Accountability & Corporate Governance
The Board of the Isle of Man Financial Services Authority
The Isle of Man Financial Services Authority (“the Authority”) is a Statutory Board. The role and responsibilities of a Statutory Board and its members are set out in the Statutory Boards Act 1987 (except where this Act is varied by the Financial Services Act 2008 and the Insurance Act 2008) and in Council of Ministers guidance. Appointments to the Board of the Authority are approved by Tynwald.
The Board of the Authority consists of not less than seven qualified people appointed by Treasury and approved by Tynwald. The Board currently comprises a Non-Executive Chairman and Non-Executive Deputy Chairman, the Chief Executive and further Non-Executive Members. The quorum of the Board is three Members.
Members normally go out of office between two and five years after appointment, as set out in the documents of appointment, and their remuneration is set down by Order.
Meetings are held on a regular basis and additionally on an ad hoc basis as required.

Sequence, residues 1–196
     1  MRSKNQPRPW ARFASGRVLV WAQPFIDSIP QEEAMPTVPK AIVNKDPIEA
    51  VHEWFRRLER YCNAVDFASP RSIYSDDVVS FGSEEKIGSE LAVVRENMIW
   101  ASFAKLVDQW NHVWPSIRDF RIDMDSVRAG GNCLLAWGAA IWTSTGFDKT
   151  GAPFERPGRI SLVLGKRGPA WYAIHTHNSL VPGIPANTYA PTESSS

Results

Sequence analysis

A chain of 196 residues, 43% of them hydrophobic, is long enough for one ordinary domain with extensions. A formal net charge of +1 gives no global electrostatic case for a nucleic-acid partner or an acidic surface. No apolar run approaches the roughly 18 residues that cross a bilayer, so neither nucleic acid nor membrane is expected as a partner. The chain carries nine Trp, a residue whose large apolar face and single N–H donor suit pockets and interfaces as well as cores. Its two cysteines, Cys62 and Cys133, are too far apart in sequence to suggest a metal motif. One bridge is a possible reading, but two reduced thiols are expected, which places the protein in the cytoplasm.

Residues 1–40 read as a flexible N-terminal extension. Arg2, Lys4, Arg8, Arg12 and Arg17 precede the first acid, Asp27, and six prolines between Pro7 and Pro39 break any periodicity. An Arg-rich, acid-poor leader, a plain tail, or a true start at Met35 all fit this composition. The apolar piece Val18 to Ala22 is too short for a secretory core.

The constitution of the Authority and its functions are described in Schedule 1 to the Financial Services Act 2008 and Section 1 of the Insurance Act 2008. These Acts provide that the Treasury, after consulting with the Authority, may give the Authority written guidance or directions of a general character. This must be in the public interest and not to influence particular cases, nor to prejudice the operational independence of the Authority. The Authority must take account of any such guidance and comply with any such directions. The Authority’s Board members are responsible to the Treasury for the proper operation of the Authority and its compliance with the requirements of the Financial Services Act 2008, the Insurance Act 2008 and the Retirement Benefits Schemes Act 2000.